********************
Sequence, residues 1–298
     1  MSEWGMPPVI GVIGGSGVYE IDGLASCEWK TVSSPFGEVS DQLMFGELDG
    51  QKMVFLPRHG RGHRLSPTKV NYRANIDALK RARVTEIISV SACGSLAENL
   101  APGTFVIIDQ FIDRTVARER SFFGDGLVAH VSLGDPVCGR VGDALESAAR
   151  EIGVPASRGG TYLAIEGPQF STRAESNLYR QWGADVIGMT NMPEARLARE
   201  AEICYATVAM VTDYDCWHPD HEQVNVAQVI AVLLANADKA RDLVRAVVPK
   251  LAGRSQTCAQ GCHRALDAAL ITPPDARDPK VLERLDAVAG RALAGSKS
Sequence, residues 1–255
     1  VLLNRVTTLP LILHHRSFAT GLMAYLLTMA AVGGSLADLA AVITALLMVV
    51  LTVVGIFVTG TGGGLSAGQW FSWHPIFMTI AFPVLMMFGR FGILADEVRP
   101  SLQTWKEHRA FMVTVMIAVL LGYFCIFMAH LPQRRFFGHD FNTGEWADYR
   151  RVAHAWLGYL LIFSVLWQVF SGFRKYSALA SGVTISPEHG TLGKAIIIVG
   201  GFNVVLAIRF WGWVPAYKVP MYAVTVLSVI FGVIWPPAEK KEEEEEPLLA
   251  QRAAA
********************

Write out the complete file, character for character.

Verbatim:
Sequence, residues 1–298
     1  MSEWGMPPVI GVIGGSGVYE IDGLASCEWK TVSSPFGEVS DQLMFGELDG
    51  QKMVFLPRHG RGHRLSPTKV NYRANIDALK RARVTEIISV SACGSLAENL
   101  APGTFVIIDQ FIDRTVARER SFFGDGLVAH VSLGDPVCGR VGDALESAAR
   151  EIGVPASRGG TYLAIEGPQF STRAESNLYR QWGADVIGMT NMPEARLARE
   201  AEICYATVAM VTDYDCWHPD HEQVNVAQVI AVLLANADKA RDLVRAVVPK
   251  LAGRSQTCAQ GCHRALDAAL ITPPDARDPK VLERLDAVAG RALAGSKS
Sequence, residues 1–255
     1  VLLNRVTTLP LILHHRSFAT GLMAYLLTMA AVGGSLADLA AVITALLMVV
    51  LTVVGIFVTG TGGGLSAGQW FSWHPIFMTI AFPVLMMFGR FGILADEVRP
   101  SLQTWKEHRA FMVTVMIAVL LGYFCIFMAH LPQRRFFGHD FNTGEWADYR
   151  RVAHAWLGYL LIFSVLWQVF SGFRKYSALA SGVTISPEHG TLGKAIIIVG
   201  GFNVVLAIRF WGWVPAYKVP MYAVTVLSVI FGVIWPPAEK KEEEEEPLLA
   251  QRAAA